13 thoughts on “Off Topic: The Bayou Maharajah

  1. We must talk my Calvinist counterpart!!! I play trumpet too…and love jazz and blues–ALOT. I used to play in church settings mostly, but I attended an African American congregation for a number of years and Billy Steele was our organist, so I played with him. (JD Steele family, Sounds of Blackness, and Grammys–not me but him!). So I did have my 10 minutes of musical fame too back in the day!

    • Okay…the next time I’m up your way, we’re going to have to have a long talk about how you got your hands on a mint condition copy of anything by Leroy Carr, much less “Barrel House Woman.”

      I don’t suppose you’ve got any Pinetop Perkins in that collection of old 78s, do you?

      • Yes. I think so. I have Pinetop Smith for sure. Bessie Smith too…a one-sided test pressing of “I Ain’t Got Nobody” by Louis Armstrong. Charlie Parker, several. “Strange Fruit” both by Billie Holiday and Josh White. Everything Josh White did. A lot of what Fletcher Henderson did. Some 50s blues stuff, and early Rock n Roll stuff such as Jerry Lee Lewis and Buddy Holly. Just to name some (I can repent of my pride tomorrow on Ash Wednesday). I have around 1500 78’s and the majority are blues and early jazz. 2 other Leroy Carr ones too. You need to come to Minnesota. Soon! Blessings on you.

            • Unfortunately, I’ve tried that…along with naming and claiming some Peetie Wheatstraw and Blind Blake.

              My record collection (primarily 33 1/3s and 45s) is still missing those 78s.

          • I have Peetie too, and I think one Blind Blake, or else Blind Lemon Jefferson. One of the blind guys anyway…now do not take this in a morbid way since I plan to remain around for awhile, but no one in my family is in the LEAST interested in these records. If I beat you to heaven perhaps you will get some. Or all.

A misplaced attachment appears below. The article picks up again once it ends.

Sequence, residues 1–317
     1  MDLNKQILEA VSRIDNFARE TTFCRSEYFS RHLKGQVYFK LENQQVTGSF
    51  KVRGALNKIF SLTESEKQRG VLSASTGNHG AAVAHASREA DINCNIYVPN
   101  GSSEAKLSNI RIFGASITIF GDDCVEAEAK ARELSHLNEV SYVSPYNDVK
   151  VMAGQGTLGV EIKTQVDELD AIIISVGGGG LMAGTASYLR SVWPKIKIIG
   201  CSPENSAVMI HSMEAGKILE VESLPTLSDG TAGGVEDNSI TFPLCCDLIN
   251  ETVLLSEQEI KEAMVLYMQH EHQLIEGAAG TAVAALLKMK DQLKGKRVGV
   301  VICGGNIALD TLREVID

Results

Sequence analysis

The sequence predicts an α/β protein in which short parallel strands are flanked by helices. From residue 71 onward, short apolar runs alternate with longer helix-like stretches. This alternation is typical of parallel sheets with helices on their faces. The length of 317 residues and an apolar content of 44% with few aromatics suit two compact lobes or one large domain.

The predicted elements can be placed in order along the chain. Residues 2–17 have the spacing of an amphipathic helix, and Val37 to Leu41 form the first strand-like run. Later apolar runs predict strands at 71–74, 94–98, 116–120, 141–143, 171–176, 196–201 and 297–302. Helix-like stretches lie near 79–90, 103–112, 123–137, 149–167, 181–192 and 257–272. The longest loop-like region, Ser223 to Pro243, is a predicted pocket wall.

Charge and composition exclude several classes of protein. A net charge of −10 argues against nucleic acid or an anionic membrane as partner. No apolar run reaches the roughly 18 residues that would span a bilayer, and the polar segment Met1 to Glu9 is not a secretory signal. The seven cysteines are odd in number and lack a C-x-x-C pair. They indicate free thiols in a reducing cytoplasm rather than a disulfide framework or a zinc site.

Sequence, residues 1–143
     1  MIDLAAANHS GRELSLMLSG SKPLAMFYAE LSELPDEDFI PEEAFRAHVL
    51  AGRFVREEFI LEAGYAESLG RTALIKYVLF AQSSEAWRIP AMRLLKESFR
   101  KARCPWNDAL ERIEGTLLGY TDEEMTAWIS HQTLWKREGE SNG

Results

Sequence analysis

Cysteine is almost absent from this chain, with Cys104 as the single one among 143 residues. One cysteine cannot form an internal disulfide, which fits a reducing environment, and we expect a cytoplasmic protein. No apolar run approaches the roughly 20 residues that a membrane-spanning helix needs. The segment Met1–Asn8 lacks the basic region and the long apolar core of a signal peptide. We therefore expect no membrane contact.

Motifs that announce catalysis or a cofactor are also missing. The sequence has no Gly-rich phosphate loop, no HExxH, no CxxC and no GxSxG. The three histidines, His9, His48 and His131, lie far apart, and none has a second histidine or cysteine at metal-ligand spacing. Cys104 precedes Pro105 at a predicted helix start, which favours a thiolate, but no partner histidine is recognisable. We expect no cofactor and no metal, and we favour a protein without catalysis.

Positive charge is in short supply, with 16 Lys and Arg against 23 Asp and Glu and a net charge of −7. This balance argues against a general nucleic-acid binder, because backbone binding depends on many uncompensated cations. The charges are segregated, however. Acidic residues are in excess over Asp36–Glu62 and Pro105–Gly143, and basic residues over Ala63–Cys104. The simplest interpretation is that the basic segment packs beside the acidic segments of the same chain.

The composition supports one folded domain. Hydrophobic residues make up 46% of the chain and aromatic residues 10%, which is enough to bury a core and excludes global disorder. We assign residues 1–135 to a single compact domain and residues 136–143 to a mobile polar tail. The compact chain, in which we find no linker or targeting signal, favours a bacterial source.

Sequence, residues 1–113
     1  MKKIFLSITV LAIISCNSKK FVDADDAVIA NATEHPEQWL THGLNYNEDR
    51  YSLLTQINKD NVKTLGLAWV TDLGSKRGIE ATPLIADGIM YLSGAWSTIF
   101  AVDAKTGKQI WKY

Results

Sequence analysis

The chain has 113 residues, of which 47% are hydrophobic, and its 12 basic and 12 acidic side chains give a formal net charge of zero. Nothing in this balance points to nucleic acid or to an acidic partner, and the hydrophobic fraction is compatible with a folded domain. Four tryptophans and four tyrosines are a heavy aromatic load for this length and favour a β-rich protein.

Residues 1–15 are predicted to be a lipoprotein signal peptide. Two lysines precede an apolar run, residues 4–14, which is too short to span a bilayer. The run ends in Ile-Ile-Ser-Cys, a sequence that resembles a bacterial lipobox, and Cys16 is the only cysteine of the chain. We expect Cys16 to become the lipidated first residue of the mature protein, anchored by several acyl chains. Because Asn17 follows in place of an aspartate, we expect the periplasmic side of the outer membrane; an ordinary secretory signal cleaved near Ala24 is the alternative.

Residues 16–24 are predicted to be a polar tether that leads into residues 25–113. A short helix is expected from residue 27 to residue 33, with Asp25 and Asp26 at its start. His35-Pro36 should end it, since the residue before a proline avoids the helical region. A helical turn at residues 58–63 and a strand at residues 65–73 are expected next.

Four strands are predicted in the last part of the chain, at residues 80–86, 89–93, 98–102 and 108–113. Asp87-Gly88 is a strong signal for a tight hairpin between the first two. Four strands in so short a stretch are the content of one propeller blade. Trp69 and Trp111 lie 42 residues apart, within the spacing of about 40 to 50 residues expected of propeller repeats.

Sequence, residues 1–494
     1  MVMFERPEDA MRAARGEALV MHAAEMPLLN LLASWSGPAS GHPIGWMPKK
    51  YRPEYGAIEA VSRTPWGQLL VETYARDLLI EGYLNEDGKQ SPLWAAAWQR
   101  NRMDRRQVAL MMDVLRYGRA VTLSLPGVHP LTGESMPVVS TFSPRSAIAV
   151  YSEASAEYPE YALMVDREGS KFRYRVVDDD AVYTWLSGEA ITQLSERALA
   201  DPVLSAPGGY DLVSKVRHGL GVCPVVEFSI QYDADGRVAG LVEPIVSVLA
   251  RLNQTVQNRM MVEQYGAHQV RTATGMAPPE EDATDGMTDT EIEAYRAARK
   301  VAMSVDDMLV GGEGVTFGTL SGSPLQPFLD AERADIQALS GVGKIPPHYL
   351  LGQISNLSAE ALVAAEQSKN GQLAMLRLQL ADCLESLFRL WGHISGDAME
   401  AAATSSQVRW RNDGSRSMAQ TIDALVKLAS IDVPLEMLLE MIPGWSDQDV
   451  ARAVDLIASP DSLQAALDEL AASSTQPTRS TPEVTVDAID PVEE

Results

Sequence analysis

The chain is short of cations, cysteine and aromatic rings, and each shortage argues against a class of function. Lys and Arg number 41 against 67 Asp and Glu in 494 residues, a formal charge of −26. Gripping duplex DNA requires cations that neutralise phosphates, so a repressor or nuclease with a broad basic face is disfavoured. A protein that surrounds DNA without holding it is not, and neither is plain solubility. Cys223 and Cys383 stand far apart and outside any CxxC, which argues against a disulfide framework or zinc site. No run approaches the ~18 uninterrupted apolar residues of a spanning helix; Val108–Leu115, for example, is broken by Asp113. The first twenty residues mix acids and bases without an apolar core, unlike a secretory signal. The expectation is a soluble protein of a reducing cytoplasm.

• Richard, I think you and I could carry on this conversation for months…let’s see, a few of the “blind guys” would be Blind Lemon Jefferson, Blind Blake, Blind Joe Reynolds, Blind Teddy Darby, Blind Roosevelt Graves, Blind Boy Fuller, Blind Willie Johnson, Blind Willie McTell, not to mention blind musicians without the “Blind” name, like Sonny Terry and Rev. Gary Davis, among others.

              Just as a word of advice, if you have any 78s of Blind Joe Reynolds…you’re sitting on a gold mine.

            • No I don’t but I do have Sonny Terry I think. And if I ever sit on any of my 78s that would be less than pleasant, for it or for me, and would certainly tarnish the gold!

              But seriously who knew we shared such a unique interest? BTW are you familiar with Georgia White or Lil Johnson?

"I appeal to you, brothers, to watch out for those who cause divisions and create obstacles contrary to the doctrine that you have been taught; avoid them. For such persons do not serve our Lord Christ, but their own appetites, and by smooth talk and flattery they deceive the hearts of the naïve." (Romans 16:17-18) Please read "The Comments Policy."

Fill in your details below or click an icon to log in: Logo

You are commenting using your account. Log Out /  Change )

Google+ photo

You are commenting using your Google+ account. Log Out /  Change )

Twitter picture

You are commenting using your Twitter account. Log Out /  Change )

Facebook photo

You are commenting using your Facebook account. Log Out /  Change )


Connecting to %s